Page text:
Persistence and Faith

Today’s installment in my continuing quest to say nothing original ever, and only ever to repeat things that others have said better than I can: Faith is reasonable and dedication to faith is indispensable.

(Today is a double tribute to C. S. Lewis, since he both said this better than I can and is the one that says we shouldn’t fret over originality! Thanks for the get-out-of-blog free card, Jack.)

It might seem sorry that a grown man would have to learn (or is it relearn?) things that a young boy ought to know, but dedication and persistence are indispensable.

Often I was told this of course. Often I heard the persistence and dedication of others praised. So-and-so made a million dollars, or became a great violinist, or a chess grandmaster, or an all-pro quarterback, thanks to his persistence and dedication.

But I always thought of those things as the reward for the effort. That is, the effort was the price paid, and the achievement was the product purchased.

And that never helped me apply myself very much at all. Because in the moment of wanting to chuck away my dedication — in that very moment — I also at the same time failed to see why I should want to “purchase that product.” Meh, methought, being a grandmaster’s not all that great. Who cares? 

So just when I most needed to keep my eyes on the prize, I no longer saw the reason for pursuing the prize!

I’m largely still like this when it comes to mundane things. I still can’t manage a great deal of dedication to my violin or my chess game. (I gave up on being a quarterback long ago.) I’m being slightly self-deprecating here… actually I can and do apply myself to mundane things, to a degree. But I’m trying to illustrate a certain emotional tone… because there’s something I want to contrast that with:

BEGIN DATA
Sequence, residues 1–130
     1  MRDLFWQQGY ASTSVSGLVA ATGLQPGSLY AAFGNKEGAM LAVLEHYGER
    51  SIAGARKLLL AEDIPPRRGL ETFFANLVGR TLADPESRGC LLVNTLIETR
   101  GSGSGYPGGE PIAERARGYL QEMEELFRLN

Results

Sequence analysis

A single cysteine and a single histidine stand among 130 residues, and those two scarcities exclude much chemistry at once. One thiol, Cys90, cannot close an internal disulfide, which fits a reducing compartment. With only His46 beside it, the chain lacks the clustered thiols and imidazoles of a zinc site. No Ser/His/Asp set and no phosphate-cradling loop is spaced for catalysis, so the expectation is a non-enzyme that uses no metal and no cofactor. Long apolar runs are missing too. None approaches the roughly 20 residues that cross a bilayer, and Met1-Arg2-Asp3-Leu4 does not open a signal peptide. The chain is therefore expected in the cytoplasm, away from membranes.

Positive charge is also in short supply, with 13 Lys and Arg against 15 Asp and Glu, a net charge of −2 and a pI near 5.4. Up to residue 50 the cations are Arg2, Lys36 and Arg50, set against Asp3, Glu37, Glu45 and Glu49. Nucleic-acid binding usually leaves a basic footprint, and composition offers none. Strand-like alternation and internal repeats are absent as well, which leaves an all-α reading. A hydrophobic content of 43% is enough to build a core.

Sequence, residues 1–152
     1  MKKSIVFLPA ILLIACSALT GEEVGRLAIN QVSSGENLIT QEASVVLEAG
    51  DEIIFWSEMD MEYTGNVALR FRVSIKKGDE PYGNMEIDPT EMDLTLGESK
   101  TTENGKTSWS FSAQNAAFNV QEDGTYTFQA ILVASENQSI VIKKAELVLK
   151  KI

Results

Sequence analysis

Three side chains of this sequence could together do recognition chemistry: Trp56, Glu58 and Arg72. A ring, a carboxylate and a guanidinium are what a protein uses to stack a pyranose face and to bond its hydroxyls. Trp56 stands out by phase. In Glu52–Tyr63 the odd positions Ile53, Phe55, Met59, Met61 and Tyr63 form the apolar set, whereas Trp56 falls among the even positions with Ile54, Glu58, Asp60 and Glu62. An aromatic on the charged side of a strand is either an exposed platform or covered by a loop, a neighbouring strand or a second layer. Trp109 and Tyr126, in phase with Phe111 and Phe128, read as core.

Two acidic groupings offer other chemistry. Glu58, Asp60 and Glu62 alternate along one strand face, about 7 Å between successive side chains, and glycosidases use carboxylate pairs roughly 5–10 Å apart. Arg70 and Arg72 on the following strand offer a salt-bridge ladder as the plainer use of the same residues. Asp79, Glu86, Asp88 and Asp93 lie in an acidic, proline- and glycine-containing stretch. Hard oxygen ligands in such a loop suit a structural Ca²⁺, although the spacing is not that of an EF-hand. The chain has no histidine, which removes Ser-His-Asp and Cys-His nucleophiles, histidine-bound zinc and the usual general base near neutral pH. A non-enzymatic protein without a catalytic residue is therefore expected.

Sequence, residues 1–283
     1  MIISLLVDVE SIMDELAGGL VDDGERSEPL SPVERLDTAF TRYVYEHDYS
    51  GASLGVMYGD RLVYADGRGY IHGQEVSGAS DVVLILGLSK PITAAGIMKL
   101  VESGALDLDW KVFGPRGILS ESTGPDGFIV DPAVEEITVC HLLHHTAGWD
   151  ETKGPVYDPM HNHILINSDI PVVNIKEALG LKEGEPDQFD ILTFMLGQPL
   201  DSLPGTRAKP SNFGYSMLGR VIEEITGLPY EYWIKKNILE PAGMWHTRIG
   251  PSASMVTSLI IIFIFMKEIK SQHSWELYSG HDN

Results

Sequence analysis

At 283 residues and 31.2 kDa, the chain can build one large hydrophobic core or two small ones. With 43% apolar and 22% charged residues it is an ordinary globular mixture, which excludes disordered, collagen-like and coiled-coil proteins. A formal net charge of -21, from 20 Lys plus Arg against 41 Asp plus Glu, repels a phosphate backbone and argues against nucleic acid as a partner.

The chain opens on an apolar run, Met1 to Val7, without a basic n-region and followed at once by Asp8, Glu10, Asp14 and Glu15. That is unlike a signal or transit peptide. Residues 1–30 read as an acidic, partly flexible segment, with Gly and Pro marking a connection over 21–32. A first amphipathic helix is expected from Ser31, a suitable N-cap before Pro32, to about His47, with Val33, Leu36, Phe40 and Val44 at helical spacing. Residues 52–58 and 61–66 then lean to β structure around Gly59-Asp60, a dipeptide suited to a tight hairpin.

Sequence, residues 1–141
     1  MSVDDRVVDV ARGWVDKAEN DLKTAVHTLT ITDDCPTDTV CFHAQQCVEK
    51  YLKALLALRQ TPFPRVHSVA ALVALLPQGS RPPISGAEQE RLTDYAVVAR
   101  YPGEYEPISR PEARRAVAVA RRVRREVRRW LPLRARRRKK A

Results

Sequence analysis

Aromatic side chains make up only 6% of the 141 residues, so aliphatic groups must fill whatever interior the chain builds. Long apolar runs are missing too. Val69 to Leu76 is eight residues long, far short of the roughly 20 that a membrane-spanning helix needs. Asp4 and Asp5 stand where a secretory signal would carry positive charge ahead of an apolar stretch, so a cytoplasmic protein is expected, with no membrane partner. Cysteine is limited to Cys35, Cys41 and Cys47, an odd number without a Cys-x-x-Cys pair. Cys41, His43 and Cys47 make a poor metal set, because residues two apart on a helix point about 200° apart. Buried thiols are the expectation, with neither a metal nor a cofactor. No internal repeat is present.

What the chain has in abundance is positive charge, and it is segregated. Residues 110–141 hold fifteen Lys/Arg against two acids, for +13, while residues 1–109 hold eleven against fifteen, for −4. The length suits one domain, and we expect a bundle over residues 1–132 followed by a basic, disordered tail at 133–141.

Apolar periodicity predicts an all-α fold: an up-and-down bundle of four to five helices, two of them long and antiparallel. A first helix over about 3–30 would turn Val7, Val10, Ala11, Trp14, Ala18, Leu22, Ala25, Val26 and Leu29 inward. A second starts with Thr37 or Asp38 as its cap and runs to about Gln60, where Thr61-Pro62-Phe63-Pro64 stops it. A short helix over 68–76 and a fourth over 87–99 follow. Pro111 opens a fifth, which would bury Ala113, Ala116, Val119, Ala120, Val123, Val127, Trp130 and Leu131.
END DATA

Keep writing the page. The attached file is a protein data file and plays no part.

There is another kind of persistence and dedication, and that’s called faith.

Faith is the triumph of reason over emotion. It is precisely the opposite of what secularists think it is. Secularists have this strange notion that faith is emotional and that radical doubt is rational. In fact, “radical doubt” is a cop-out. It’s an unanswerable, unaccountable position, often motivated by existential terror, and completely impervious to reason.

And in fact the notion of faith is so terrifying that the very mention of the word can completely shut down someone’s willingness to listen to argument.

Faith is letting reason triumph over fear and fear-based doubt. When, in a moment of clarity and reason, I can see the basic truth of the universe, the basic supernatural presence within and all around, it hits me with the force of mathematics.

But I’m a creature of emotions; I am just a man, not a math-machine. I get scared, selfish, lustful, angry, jealous, etc. And almost without fail, in the grips of a powerful negative emotion like that, the emotion itself seems positive, and what I discovered in moments of calm and lucid reasoning seems silly and tenuous.

But faith tells me to remember what I learned when I was lucid. It tells me to doubt my doubts, to doubt my own motivations for my own doubts. Faith is faith in reason, even in the face of powerful emotions.